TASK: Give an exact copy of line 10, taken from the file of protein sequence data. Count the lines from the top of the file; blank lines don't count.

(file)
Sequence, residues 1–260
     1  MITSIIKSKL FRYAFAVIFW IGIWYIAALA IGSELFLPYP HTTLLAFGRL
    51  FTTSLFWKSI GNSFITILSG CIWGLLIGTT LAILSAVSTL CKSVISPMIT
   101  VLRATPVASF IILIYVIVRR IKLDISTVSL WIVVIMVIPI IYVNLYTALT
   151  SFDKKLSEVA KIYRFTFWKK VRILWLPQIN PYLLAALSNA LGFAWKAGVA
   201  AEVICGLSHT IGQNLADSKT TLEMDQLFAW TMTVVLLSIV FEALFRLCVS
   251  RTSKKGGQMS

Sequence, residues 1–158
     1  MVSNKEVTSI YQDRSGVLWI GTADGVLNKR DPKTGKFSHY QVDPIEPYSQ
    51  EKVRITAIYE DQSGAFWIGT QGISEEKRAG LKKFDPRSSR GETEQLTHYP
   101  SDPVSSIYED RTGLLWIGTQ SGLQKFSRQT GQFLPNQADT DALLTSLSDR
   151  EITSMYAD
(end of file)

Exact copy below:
    51  EKVRITAIYE DQSGAFWIGT QGISEEKRAG LKKFDPRSSR GETEQLTHYP